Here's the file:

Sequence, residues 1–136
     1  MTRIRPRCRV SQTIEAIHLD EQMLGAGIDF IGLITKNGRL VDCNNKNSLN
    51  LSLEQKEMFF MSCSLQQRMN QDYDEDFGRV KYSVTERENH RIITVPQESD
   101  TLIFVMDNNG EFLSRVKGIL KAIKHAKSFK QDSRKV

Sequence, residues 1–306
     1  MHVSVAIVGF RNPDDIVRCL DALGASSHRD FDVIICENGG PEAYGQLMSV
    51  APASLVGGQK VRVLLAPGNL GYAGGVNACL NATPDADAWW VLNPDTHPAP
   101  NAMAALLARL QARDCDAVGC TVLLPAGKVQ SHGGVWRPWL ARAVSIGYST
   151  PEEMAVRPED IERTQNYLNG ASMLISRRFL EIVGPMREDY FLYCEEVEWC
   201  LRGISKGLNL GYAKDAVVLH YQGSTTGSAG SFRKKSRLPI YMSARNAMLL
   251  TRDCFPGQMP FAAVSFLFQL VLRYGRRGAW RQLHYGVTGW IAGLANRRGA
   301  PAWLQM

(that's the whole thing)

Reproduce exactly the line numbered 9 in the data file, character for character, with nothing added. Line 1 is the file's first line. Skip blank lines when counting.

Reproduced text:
   151  PEEMAVRPED IERTQNYLNG ASMLISRRFL EIVGPMREDY FLYCEEVEWC